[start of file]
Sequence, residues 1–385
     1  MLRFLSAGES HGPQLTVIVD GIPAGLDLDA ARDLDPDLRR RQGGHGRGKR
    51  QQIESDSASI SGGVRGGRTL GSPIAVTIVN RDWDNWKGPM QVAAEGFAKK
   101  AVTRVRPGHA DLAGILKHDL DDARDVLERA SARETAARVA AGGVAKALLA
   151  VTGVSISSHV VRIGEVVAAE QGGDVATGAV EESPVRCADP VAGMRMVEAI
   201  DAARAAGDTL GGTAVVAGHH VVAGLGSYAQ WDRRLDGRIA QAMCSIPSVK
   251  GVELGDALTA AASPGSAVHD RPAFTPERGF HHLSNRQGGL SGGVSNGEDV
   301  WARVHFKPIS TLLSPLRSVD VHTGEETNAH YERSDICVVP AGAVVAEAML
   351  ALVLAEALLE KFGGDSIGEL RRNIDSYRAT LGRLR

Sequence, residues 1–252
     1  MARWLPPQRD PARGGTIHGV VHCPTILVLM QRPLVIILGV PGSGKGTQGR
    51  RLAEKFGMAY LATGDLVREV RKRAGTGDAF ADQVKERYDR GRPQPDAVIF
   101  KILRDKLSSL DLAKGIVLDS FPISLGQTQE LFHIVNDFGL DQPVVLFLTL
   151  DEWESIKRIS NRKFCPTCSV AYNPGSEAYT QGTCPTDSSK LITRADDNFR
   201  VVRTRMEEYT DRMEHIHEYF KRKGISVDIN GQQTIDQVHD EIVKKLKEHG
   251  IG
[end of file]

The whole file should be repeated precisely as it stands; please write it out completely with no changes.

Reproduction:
Sequence, residues 1–385
     1  MLRFLSAGES HGPQLTVIVD GIPAGLDLDA ARDLDPDLRR RQGGHGRGKR
    51  QQIESDSASI SGGVRGGRTL GSPIAVTIVN RDWDNWKGPM QVAAEGFAKK
   101  AVTRVRPGHA DLAGILKHDL DDARDVLERA SARETAARVA AGGVAKALLA
   151  VTGVSISSHV VRIGEVVAAE QGGDVATGAV EESPVRCADP VAGMRMVEAI
   201  DAARAAGDTL GGTAVVAGHH VVAGLGSYAQ WDRRLDGRIA QAMCSIPSVK
   251  GVELGDALTA AASPGSAVHD RPAFTPERGF HHLSNRQGGL SGGVSNGEDV
   301  WARVHFKPIS TLLSPLRSVD VHTGEETNAH YERSDICVVP AGAVVAEAML
   351  ALVLAEALLE KFGGDSIGEL RRNIDSYRAT LGRLR

Sequence, residues 1–252
     1  MARWLPPQRD PARGGTIHGV VHCPTILVLM QRPLVIILGV PGSGKGTQGR
    51  RLAEKFGMAY LATGDLVREV RKRAGTGDAF ADQVKERYDR GRPQPDAVIF
   101  KILRDKLSSL DLAKGIVLDS FPISLGQTQE LFHIVNDFGL DQPVVLFLTL
   151  DEWESIKRIS NRKFCPTCSV AYNPGSEAYT QGTCPTDSSK LITRADDNFR
   201  VVRTRMEEYT DRMEHIHEYF KRKGISVDIN GQQTIDQVHD EIVKKLKEHG
   251  IG